Filipino hero Manny Pacquiao, acknowledged as the world's best boxer, threw the ceremonial first pitch. Catcher Bengie Molina barely missed executing the rare feat of tagging out two runners at home plate on a single play. And Matt Cain ended a personal 10-start winless streak against the Padres.
But Renteria did the most to reverse his team's fortunes against the Padres, who swept the Giants in three games at San Diego two weekends ago.
Renteria entered the game batting .200 with a .250 slugging percentage and one RBI, which must have made numerous skeptics feel smug. The two-year, $18.5 million deal the Giants gave him last December was widely criticized as one of the most ill-advised free-agent signings of the offseason, if not the worst.
Giants backers kept clamoring for Ramirez until the minute he rejoined the Dodgers. Ultimately, adding Renteria was the only significant move San Francisco made to upgrade the offense that ranked last in the Major Leagues in home runs and next-to-last in the National League in scoring a year ago.
The Giants believed that Renteria, a career .290 hitter entering this year, remained capable of contributing offensively despite his ordinary 2008 season with Detroit. He hit .270, a 62-point drop from 2007. But he has looked more competent lately, batting .467 (7-for-15) during a five-game hitting streak that has raised his average from .138 to .250.
"I've been feeling much better. I'm more patient," Renteria said.
He turned aggressive during his fourth-inning plate appearance. The Giants, winners of three of their last four games, filled the bases with one out on Molina's single, Pablo Sandoval's infield single and Travis Ishikawa's walk. Up came Renteria, who deposited Peavy's first-pitch slider halfway up the left-field pavilion, erasing San Diego's 2-1 lead.
The grand slam was not only the seventh of Renteria's career, but it was also the first off Peavy (2-2) in his eight Major League seasons. Maybe this was no surprise, given Renteria's .455 lifetime average (10-for-22) off Peavy.
"He always competes," Renteria said. "I have a lot of respect for him. Today I got lucky."
A 14-year veteran, Renteria has inspired similar respect among his new teammates for remaining unflappable while his performance has fluctuated, prompting manager Bruce Bochy to drop him from second to eighth in the batting order.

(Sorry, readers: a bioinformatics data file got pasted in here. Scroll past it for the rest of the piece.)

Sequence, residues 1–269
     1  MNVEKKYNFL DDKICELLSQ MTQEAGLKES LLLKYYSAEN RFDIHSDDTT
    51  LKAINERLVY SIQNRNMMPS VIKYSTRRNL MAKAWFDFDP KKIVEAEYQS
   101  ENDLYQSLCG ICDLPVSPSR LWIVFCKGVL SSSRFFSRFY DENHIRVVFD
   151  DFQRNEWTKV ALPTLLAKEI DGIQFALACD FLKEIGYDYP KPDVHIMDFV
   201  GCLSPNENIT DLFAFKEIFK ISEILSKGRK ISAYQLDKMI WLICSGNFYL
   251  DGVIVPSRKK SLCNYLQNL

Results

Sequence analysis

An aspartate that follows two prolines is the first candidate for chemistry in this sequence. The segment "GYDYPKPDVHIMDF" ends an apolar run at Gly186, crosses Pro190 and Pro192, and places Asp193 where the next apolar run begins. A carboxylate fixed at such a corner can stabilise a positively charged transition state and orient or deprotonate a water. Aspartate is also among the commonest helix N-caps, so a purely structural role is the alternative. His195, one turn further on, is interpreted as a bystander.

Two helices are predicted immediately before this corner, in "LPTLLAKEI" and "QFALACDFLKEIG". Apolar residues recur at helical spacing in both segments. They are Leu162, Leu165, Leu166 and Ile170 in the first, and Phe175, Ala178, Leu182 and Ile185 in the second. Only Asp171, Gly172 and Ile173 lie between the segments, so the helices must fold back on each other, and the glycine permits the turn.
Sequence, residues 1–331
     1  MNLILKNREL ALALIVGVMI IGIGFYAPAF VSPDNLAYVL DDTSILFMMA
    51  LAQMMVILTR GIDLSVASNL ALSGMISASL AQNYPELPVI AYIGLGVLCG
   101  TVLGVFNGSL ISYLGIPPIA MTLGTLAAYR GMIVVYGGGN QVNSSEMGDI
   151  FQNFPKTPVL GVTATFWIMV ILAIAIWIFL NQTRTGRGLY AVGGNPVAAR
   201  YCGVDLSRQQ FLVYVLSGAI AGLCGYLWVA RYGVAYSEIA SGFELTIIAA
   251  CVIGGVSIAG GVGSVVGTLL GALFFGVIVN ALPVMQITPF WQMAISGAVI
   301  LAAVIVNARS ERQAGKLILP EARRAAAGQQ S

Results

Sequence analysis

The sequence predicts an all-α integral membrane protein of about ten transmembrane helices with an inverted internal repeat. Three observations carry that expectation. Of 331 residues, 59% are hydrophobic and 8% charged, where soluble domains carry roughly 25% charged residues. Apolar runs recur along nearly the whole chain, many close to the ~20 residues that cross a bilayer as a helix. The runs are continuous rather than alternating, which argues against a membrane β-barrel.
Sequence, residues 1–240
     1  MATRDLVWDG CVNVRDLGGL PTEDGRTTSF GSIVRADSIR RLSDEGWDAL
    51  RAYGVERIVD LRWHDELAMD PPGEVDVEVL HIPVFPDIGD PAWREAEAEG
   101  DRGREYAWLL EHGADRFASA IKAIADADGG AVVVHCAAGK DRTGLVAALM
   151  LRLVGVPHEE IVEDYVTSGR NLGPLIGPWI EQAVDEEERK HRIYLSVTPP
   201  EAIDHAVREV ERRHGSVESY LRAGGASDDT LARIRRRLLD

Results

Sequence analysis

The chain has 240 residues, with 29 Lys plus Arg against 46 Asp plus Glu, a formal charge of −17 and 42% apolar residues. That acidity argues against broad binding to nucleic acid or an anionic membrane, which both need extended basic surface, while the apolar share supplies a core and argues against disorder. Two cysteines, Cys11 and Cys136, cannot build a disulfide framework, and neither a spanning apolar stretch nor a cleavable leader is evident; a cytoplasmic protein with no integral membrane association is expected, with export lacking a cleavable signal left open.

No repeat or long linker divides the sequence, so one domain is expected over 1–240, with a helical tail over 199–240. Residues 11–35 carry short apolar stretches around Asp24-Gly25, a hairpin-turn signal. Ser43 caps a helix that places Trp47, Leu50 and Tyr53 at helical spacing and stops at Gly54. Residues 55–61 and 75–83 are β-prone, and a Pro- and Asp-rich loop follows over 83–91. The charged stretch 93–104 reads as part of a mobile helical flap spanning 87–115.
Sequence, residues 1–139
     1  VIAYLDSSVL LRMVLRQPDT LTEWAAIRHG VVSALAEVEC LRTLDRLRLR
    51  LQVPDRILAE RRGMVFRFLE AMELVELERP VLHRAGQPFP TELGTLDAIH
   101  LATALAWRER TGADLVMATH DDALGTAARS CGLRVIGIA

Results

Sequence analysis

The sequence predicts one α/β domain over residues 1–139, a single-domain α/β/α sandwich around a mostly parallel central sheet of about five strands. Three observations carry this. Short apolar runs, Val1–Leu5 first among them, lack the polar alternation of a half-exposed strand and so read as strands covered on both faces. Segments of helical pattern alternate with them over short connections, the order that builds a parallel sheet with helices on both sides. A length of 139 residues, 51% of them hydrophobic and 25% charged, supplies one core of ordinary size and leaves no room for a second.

"He never changes his attitude," Ishikawa said. "He goes out there professionally."
With one swing, Renteria gave the run-starved Cain more support than he usually receives. Cain expressed his appreciation after Renteria crossed home plate by giving the shortstop a congratulatory slap on the fanny.
Asked after the game if Renteria felt like his best buddy right then and there, Cain didn't hesitate to respond.
"He is," Cain said. "I don't think you can say much more than that."
Cain (2-0) sustained the Giants' momentum by blanking San Diego in his final two innings after Renteria's slam. The right-hander, who was 0-5 despite compiling a 3.59 ERA during his drought against the Padres, improved to 28-6 lifetime while receiving three or more runs. Cain allowed two runs and nine hits in six innings while walking none and striking out five.
The key figure in Cain's pitching line, of course, was his walkless total, reflecting his growing maturity as a pitcher.
"It's one of those things where I try not to think about it," Cain said. "... You just worry about throwing strikes early [in the count], try to put pressure on them and get them in that swing mode."
Refraining from swing mode helped Ishikawa win the evening's unofficial "inside baseball" award. He fell behind Peavy 0-2 in the fourth inning yet still drew the walk that set up Renteria's homer.
"He made a great adjustment by not chasing those pitches," Bochy said of Ishikawa, who also stroked a two-run, eighth-inning single.
Molina would have made the biggest adjustment of all had he managed to tag both Adrian Gonzalez and Chase Headley on Kevin Kouzmanoff's fourth-inning drive off the right-field wall. But he missed the sliding Gonzalez with his swipe of the glove before tagging Headley on the right foot as he leaped over him. Molina and Bochy argued passionately for a double play, but later realized that plate umpire Jeff Nelson was correct.
"There was a lot of action going on and he got both calls right," Bochy said.
There was a lot going on, period.